Byron's Babbles

Investments in Managerial Ego

Posted in Education, Education Reform, Educational Leadership, Leadership by Dr. Byron L. Ernest on May 31, 2015

innovation“Nothing so powerfully concentrates a man’s mind on innovation as the knowledge that the present product or service will be abandoned within the foreseeable future.” ~ Peter Drucker

This quote from Peter Drucker is so true. The first key to innovation is the willingness to abandon the old so that you free yourself for the new. Thus, the idea of “investments in managerial ego.” The three sectors of government, social, and business all have difficulty abandoning obsolete products, services, policies, and procedures. The inability to abandon existing programs reduces resources available to both fund and carry out new initiatives necessary to stay competitive and meet the mission and vision of our organizations (Maciariello, 2014). You are probably already thinking of programs, both in the government and social sector, that no longer serve their originally intended purposes.

Robert Anthony, a former Harvard Business School professor and under Secretary of Defense for Robert McNamara during the Kennedy administration, believed all agencies need to “examine its [program] reason for being, its methods of operations, and its costs.” (Maciariello, 2014, p. 171) I would also add the question of whether the team has the capacity to carry out the program. I really experienced this early in my career as an agriculture science teacher and FFA advisor. Both the state FFA and national FFA organizations would add new contests and programs each year, but there was never anything taken away. Well, as you can imagine this put strains on budgets and the ability to get things done well. The positive of this was, however, it taught many of us how to really ask the question of, “What are the things we are going to do well?” I always believed, and I believe they are doing a better job of this today, the FFA organizations should have been asking, “If we add this [program or contest], what are we going to get rid of or take off the teachers’ plates.” I really do try to practice this now as a school leader, but as any of you know who are on the front lines as the “Deer in the Headlights,” this is easier said that done.year-with-peter-drucker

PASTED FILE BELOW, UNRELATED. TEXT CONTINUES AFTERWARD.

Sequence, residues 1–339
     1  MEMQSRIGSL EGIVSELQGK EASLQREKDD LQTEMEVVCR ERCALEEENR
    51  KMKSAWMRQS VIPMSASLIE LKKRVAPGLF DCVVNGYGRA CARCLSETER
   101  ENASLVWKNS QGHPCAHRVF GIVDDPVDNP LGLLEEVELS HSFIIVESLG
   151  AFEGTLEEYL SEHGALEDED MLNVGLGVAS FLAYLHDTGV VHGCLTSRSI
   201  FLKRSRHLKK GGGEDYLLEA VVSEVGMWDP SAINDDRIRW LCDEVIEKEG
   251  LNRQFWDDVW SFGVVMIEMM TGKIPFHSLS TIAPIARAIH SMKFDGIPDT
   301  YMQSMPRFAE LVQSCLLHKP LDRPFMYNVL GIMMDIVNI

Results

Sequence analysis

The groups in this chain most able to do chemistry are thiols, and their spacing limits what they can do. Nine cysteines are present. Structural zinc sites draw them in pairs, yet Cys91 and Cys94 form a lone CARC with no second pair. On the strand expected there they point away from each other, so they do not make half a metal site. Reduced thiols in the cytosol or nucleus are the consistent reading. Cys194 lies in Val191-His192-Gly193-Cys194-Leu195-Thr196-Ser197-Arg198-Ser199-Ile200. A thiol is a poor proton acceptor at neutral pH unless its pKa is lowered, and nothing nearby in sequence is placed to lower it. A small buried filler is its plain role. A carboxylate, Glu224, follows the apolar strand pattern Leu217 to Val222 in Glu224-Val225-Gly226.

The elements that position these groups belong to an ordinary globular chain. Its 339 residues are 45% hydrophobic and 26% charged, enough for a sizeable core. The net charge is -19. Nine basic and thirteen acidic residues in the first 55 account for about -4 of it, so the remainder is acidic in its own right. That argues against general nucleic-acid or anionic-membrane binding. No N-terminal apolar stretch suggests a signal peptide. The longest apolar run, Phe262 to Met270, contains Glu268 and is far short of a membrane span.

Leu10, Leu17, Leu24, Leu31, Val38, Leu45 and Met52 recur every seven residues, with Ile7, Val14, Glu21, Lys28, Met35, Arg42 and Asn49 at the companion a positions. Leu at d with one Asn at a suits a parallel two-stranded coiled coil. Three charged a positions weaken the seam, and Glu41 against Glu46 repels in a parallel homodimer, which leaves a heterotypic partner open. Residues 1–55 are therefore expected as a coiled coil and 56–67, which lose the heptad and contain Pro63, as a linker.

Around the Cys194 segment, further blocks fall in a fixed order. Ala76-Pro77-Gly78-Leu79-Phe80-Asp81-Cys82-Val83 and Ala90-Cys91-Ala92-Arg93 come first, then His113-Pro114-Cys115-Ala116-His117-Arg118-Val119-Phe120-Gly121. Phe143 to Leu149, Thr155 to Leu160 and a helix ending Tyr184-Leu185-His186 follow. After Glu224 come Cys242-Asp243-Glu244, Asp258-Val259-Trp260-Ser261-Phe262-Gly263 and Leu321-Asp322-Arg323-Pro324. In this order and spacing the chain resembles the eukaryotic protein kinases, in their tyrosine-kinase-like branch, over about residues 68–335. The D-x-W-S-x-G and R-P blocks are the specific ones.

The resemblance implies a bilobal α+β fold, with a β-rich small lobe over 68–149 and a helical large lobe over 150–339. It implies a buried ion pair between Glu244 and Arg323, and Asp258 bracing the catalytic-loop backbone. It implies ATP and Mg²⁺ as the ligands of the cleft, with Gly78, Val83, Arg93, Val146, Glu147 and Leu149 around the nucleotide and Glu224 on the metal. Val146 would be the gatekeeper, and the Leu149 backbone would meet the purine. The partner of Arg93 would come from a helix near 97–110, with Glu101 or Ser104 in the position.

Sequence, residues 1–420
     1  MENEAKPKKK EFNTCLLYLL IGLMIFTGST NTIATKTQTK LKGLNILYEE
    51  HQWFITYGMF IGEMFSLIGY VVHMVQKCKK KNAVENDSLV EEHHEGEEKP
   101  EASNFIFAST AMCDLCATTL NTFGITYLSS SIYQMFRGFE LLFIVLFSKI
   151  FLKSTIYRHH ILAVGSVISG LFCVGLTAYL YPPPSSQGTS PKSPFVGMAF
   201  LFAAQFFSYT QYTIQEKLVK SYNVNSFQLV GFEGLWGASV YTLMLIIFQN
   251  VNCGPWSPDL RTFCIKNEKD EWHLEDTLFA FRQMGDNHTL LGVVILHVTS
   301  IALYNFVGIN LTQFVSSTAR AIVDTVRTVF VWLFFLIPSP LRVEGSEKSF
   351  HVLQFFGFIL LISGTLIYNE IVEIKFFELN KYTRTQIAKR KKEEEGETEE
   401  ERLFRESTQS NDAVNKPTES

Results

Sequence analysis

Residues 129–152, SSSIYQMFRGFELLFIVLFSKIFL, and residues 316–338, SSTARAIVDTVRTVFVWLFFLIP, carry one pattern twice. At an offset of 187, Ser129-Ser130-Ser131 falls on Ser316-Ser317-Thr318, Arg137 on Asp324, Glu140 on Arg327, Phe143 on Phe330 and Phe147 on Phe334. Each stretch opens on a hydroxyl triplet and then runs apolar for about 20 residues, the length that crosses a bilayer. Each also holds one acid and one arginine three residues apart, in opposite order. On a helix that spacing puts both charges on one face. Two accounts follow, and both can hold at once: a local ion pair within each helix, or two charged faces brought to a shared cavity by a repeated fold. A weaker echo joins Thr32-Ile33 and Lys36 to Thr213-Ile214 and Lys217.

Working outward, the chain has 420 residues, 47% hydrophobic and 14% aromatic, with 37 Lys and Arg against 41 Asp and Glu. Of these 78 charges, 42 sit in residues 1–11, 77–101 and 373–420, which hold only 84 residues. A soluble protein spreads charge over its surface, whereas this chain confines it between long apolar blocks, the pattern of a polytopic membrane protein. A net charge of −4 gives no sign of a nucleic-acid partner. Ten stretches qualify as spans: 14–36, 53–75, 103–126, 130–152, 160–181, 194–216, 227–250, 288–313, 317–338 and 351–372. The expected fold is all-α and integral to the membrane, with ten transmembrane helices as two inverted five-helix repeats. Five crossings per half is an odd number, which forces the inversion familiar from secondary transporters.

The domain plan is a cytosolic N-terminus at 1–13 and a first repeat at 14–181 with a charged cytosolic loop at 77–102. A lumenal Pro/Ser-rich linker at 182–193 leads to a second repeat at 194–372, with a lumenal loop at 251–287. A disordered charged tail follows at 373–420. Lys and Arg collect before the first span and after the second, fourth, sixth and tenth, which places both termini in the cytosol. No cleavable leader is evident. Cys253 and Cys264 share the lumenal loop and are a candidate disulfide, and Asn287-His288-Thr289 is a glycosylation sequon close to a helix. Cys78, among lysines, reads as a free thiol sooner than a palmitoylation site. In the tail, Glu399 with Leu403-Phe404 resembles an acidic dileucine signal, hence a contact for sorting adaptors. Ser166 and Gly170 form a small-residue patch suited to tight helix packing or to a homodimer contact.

Peter Drucker (2014) said we must ask the questions, “If we did not do this already, would we go into it now?” If the answer is no , ‘What do we do now?'” The question has to be asked – and asked seriously. In other words, “If we did not do this already, would we, knowing what we know, go into it now?” If the answer is no, the reaction must be “What do we do now?” I get it though; it is so difficult for any business or organization to abandon a program because the program may represent an investment by the people who introduced it and who nursed it along. Beware of commitment to ego as an excuse for maintaining status quo (Maciariello, 2014). Developing a process of systematic abandonment (Maciariello, 2014), and making it a regular part of the culture of an organization, is one of the most effective ways to eliminate the old and make room for the new.

We must remember that when given the challenge of choosing between two or more competent programs, we must keep the one that makes the more significant contribution to the mission and vision of our organization and to society.

Reference

Maciariello, J. A. (2014). A year with Peter Drucker: 52 weeks of coaching for leadership effectiveness. New York, NY: HarperCollins Publishers.

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